At our recent IoD Suffolk Economic Update we were joined by Tej Parikh, IoD Senior Economist, Alex Golledge, Bank of England Deputy Agent for South East & East Anglia and James Allen, New Anglia Local Enterprise Partnership’s Growth Manager
Our panel of experts comprising of Economists and Funders, specialists within their field, provided a national and local update regarding the UK economy and the challenges that businesses are currently facing during the current economic climate.
Tej Parikh, IoD Senior Economist said “While directors’ economic confidence has edged into positive territory, there’s still plenty keeping them on the fence. Positivity has been held back by rising skill shortages and the burden of complying with government regulations, and this should remind us that Brexit isn’t the only game in town.
The East of England region is a hub for research and development and has a burgeoning tech start-up community. But this needs to be nurtured and diffused by improving physical and digital connectivity, to raise the productive potential of the region, and to help alleviate the wide disparities between urban centres and rural, coastal, and post-industrial parts of East of England”.
James Allen, New Anglia LEP set out that New Anglia is the 13th largest LEP-area economy out of 38 in England, contributing £35.5bn to UK plc. Since 2010, the local economy has grown by 9.6%, faster than several powerhouses in the UK. Whilst the LEP highlighted that our employment rate is higher than the national average, this only tells part of the story as our productivity rate is comparatively low and slowing compared to other LEP areas. The LEP pulled together a robust evidence base, probably the largest ever pulled together for Norfolk and Suffolk, to drive its new Economic Strategy (published in November 2017) with clear economic indicators and set targets to measure success and drive delivery – on GVA, new homes, job creation, productivity and inclusive growth - to 2036.
The LEP is engaging businesses on the delivery of this strategy so that priority can be given to certain actions and investments to drive this vision forward. James outlined the advice role that New Anglia Growth Hub plays for businesses on the various business support programmes that the LEP funds and the progress made on the £290m Growth Deal secured by Government.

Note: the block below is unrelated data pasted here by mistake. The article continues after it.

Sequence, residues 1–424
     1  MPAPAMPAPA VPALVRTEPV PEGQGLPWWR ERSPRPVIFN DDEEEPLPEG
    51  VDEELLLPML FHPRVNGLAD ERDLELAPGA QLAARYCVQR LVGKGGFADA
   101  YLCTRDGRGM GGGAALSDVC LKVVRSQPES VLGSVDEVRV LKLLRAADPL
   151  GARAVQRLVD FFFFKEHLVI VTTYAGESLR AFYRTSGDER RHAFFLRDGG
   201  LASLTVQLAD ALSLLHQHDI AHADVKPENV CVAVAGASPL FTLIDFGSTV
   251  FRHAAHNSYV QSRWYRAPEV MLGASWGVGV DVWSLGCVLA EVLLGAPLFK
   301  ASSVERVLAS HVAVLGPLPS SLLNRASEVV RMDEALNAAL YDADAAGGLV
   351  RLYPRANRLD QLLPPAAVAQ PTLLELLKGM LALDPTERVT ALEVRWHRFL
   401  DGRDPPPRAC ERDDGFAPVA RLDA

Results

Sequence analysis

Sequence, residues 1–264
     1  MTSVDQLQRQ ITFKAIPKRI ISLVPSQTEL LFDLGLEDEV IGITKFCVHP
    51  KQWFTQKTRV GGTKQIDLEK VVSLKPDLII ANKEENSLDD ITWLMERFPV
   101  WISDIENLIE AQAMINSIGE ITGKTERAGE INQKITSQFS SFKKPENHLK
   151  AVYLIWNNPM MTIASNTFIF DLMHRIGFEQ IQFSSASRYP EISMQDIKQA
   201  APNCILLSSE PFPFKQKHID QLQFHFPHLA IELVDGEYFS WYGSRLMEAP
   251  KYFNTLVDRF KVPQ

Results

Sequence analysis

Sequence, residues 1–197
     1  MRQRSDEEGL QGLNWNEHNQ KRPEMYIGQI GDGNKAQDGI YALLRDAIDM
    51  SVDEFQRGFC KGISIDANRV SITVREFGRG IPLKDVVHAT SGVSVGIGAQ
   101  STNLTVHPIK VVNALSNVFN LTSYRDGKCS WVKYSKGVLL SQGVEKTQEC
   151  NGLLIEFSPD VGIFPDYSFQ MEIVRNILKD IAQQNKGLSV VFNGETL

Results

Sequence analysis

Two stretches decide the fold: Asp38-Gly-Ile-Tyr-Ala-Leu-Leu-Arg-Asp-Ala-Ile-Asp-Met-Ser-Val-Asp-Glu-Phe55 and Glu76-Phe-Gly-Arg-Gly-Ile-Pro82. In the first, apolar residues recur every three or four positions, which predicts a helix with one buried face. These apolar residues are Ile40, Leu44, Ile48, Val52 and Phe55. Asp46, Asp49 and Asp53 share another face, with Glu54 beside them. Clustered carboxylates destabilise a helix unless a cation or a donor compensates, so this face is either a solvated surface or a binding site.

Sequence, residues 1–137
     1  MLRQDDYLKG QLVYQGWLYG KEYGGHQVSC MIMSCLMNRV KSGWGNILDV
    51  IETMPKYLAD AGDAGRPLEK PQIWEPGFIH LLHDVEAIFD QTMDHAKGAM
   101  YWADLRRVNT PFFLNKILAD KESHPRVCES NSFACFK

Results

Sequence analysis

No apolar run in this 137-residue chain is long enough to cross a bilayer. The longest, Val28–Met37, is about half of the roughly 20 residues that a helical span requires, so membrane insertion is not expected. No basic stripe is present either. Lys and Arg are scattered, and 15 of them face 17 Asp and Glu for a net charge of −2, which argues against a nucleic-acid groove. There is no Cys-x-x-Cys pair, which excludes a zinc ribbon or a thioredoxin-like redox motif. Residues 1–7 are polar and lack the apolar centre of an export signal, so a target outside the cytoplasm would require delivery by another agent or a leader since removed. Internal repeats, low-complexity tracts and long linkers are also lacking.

Alex Golledge, Bank of England said that The Bank of England has been providing significant support to our economy for more than a decade. They cut interest rates to exceptionally low levels during the financial crisis to support spending and to reduce the number of people out of work. And they’ve kept rates very low over recent years to help the economy recover from the global financial crisis. To use a motoring analogy, they’ve kept our foot firmly on the accelerator.
Now things are changing: the world economy is growing strongly. And here in the UK the share of people without a job is at its lowest level for more than 40 years. At the same time, we’ve seen inflation rise above the Bank’s 2% target since the big fall in the pound following the Brexit vote, which pushed up the cost of imports. Businesses typically have to pass those rising costs on to their customers. So we’ve seen higher prices in the shops.
The weaker pound also brings advantages for example, it has helped increase the competitiveness of some UK exports, at a time when demand is being supported by strong growth in Europe, the United States and other countries. This growth should encourage exporters to invest and recruit more staff. Whilst we have seen some evidence of this happening, the pick-up in investment has been weaker than we might otherwise have expected based on past experience. It is likely that uncertainty surrounding Brexit has weighed on some companies’ investment decisions. Of course, economies don’t just involve businesses. People play a vital part too.
Last November we raised the official interest rate we set, known as Bank Rate, from 0.25% to 0.5%.
Although the Bank’s Monetary Policy Committee voted to keep rates at 0.5% this month, they also indicated that, if the economy performs as expected, it would be necessary to raise them again to prevent the economy from overheating.
But they also stressed that any further rises are likely to happen at a gradual pace and to a limited extent.So, interest rates are likely to remain substantially lower than a decade ago. This isn’t a case of putting the brakes on; we’re just easing the foot off the accelerator a little. And we’re doing that because, ten years on from the financial crisis, the economy is finally returning to normal. That’s got to be welcome news for households and businesses here in Suffolk.
This event was kindly sponsored by: -